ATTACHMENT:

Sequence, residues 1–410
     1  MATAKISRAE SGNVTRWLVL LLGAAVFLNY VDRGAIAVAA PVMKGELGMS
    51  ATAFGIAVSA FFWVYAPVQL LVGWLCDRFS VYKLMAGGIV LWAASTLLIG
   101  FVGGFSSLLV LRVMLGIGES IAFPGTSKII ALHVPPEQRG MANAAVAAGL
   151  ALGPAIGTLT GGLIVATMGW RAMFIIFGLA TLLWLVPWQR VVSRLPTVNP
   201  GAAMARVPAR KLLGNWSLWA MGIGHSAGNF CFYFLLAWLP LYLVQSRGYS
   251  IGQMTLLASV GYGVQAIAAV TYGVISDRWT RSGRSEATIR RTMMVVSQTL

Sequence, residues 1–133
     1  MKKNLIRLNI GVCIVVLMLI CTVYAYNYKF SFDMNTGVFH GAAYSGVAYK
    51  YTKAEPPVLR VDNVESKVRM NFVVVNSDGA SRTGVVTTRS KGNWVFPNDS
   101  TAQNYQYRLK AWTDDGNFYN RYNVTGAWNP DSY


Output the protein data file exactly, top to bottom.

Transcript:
Sequence, residues 1–410
     1  MATAKISRAE SGNVTRWLVL LLGAAVFLNY VDRGAIAVAA PVMKGELGMS
    51  ATAFGIAVSA FFWVYAPVQL LVGWLCDRFS VYKLMAGGIV LWAASTLLIG
   101  FVGGFSSLLV LRVMLGIGES IAFPGTSKII ALHVPPEQRG MANAAVAAGL
   151  ALGPAIGTLT GGLIVATMGW RAMFIIFGLA TLLWLVPWQR VVSRLPTVNP
   201  GAAMARVPAR KLLGNWSLWA MGIGHSAGNF CFYFLLAWLP LYLVQSRGYS
   251  IGQMTLLASV GYGVQAIAAV TYGVISDRWT RSGRSEATIR RTMMVVSQTL

Sequence, residues 1–133
     1  MKKNLIRLNI GVCIVVLMLI CTVYAYNYKF SFDMNTGVFH GAAYSGVAYK
    51  YTKAEPPVLR VDNVESKVRM NFVVVNSDGA SRTGVVTTRS KGNWVFPNDS
   101  TAQNYQYRLK AWTDDGNFYN RYNVTGAWNP DSY